The Shrine of Nahum is associated with the biblical prophet who was born in alQosh (though it may have been another town by the same name). The key is kept hereditarily by a Christian man named Nasir.
The site has a long history. At some points alQosh did not have its own Jewish population, and the rooms around the shrine were shops and services for Jewish pilgrims, more like a caravanserai. (When the campus became too full during the pilgrimage that took place during Shavuot, then the local Christians would take the Jews into their own homes and host them as guests.) Other times there was a handful of Jewish families in alQosh and it would have served their little community.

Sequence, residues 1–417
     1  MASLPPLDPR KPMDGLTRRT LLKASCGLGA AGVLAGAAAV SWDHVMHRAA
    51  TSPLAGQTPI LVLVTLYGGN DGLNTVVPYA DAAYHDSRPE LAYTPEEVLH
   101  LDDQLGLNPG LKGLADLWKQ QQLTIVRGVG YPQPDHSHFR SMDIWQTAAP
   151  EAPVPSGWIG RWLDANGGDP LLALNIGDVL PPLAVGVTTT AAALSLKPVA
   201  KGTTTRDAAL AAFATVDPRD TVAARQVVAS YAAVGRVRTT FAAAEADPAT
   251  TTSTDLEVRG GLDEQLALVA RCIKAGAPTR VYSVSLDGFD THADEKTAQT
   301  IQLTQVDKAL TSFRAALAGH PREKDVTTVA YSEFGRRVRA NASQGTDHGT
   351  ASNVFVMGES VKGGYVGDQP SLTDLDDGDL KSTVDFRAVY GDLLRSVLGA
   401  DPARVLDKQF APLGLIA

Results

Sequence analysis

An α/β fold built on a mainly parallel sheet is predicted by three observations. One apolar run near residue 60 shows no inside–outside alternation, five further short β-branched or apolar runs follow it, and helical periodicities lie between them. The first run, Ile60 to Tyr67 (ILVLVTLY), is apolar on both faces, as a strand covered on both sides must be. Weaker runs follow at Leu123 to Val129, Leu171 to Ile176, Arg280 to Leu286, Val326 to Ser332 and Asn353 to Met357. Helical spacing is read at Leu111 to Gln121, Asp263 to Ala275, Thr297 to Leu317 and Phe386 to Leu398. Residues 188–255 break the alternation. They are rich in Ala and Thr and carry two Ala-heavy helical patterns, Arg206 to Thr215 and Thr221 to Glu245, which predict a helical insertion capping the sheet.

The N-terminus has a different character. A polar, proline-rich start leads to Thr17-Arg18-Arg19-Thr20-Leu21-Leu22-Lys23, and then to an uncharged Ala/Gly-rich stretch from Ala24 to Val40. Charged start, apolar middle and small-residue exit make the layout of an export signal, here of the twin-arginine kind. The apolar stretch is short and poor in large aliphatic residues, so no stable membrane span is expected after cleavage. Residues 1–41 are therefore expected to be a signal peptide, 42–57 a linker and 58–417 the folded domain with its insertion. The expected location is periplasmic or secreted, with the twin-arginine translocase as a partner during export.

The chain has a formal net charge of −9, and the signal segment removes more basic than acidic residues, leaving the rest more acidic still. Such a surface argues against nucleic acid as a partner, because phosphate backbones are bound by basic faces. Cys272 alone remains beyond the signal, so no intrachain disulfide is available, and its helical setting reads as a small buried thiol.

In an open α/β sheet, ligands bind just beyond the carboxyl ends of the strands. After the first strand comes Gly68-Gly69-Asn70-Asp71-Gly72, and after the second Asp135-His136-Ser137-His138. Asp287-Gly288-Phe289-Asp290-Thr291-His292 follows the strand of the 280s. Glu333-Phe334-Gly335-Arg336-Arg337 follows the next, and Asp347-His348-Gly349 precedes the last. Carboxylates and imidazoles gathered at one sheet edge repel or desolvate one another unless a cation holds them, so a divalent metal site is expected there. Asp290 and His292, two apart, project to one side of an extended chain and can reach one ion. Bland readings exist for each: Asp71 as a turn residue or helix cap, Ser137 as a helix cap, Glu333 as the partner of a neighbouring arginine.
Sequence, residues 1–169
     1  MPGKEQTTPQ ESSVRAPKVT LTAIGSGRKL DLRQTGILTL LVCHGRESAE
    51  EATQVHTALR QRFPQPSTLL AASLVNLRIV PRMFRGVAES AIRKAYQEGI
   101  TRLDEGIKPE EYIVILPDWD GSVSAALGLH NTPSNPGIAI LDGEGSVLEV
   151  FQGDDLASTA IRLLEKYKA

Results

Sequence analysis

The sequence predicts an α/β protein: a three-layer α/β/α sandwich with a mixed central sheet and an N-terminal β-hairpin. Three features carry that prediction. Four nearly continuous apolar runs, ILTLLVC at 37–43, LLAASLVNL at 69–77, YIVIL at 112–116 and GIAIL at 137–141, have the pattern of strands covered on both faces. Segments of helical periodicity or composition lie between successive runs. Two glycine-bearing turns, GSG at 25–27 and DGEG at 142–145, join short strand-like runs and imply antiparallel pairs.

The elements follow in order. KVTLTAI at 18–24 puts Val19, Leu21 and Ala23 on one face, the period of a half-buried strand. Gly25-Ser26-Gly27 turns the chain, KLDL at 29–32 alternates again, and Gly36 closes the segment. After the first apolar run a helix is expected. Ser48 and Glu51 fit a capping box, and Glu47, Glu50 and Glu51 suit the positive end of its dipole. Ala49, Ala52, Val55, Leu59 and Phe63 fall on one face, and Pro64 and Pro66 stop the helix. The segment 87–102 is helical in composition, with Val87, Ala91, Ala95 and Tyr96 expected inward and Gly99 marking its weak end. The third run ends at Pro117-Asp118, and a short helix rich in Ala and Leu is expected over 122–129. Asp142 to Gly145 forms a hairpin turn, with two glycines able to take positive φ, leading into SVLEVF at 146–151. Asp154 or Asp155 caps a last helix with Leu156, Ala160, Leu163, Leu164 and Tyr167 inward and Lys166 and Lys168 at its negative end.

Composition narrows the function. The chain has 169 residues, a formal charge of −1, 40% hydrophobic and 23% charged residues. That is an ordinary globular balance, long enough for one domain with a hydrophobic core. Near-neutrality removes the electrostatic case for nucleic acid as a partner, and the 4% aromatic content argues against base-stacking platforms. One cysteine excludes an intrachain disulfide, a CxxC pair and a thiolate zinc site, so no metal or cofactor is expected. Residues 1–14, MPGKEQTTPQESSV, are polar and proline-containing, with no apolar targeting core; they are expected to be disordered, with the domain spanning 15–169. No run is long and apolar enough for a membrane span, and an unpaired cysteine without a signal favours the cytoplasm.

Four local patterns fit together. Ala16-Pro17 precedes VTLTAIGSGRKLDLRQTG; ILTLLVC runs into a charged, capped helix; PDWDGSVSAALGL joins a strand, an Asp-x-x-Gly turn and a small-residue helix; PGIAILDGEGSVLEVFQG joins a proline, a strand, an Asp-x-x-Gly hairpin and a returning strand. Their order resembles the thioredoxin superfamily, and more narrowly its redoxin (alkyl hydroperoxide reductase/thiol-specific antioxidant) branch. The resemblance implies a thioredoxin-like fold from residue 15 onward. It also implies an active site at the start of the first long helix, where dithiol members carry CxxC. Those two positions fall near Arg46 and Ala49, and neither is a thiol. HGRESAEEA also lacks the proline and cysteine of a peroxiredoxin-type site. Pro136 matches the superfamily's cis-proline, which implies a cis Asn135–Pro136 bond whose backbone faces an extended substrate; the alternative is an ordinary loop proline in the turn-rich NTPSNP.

קבר נחום Tomb of the Prophet Nahum is associated with a synagogue and shrine in alQosh. The shrine is actually a campus with various areas, structures, and rooms.
In the morning, whilst my servants were loading, I visited the tomb of Nahum the Elkoshite. The building in which the remains of the prophet, whose glowing and sublime strain of prophecy must have animated with hope and comfort the exiled tribes of Israel, are interred, is a low insignificant building. The tomb itself is covered with a common wood box, and a calico canopy is spread over it. The interior of the mausoleum is oriented with the names of innumerable rabbies who have performed pilgrimages to this revered spot, and I was assured by the natives that there were few Jews in Mesopotamia who did not once in a year come to worship at the shrine of this admirable seer, who denounced destruction and ruin "to him that imagined evil against the Lord. Stern (1848), p 112; in alQosh